The basics about hepatitis C.
Hepatitis C is an infection of the liver that results from hepatitis C virus (HCV). It is a blood-borne infection that progresses slowly from acute to chronic stages.
In the United States, more than 3 million people are living with hepatitis C and don’t know it. Many people were infected decades ago before blood screenings for the virus and improved health care practices were instituted.
Acute hepatitis C refers to the first several months after someone is infected. Acute infection is usually mild with few or no symptoms. Symptoms, when present, can include fever, fatigue, decreased appetite, nausea, vomiting, abdominal pain, dark urine, grey-colored stools, joint pain and jaundice.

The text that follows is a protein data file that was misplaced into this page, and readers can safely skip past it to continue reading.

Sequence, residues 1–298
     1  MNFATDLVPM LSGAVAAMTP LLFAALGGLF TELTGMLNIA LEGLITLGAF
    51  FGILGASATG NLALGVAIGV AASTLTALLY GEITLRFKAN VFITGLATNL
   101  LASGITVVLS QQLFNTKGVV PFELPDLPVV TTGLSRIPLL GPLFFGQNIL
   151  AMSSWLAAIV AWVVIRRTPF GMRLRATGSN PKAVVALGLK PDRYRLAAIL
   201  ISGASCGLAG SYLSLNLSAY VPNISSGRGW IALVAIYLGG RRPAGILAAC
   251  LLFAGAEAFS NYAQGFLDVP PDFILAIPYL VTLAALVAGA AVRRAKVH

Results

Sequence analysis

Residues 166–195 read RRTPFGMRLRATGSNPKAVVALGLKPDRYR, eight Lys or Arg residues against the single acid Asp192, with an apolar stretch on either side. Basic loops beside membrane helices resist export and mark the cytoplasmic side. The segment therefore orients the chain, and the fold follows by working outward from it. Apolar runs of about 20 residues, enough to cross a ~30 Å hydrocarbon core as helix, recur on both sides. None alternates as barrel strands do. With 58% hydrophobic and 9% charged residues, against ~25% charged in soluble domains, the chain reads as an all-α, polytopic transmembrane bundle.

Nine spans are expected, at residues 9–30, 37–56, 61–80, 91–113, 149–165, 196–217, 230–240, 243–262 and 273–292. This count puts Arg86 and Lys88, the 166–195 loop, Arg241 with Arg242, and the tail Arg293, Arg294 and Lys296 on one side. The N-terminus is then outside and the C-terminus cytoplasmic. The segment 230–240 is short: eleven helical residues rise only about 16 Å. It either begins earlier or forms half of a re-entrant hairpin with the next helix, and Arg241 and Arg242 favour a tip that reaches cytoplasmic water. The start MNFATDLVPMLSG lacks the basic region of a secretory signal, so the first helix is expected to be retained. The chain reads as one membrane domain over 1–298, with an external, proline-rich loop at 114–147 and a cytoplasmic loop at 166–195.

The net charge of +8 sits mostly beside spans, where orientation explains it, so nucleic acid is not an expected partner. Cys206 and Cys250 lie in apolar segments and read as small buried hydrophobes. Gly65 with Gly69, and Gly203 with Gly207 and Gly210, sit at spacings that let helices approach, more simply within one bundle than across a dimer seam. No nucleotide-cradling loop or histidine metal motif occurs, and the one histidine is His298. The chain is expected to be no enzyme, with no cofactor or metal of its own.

Approximately 15 to 45 percent of infected persons are able to clear the virus within six months of infection without any treatment. However, up to 85 percent of people will develop chronic hepatitis C. Over time, chronic hepatitis C can cause serious health problems, including liver disease, liver failure, cirrhosis and liver cancer.
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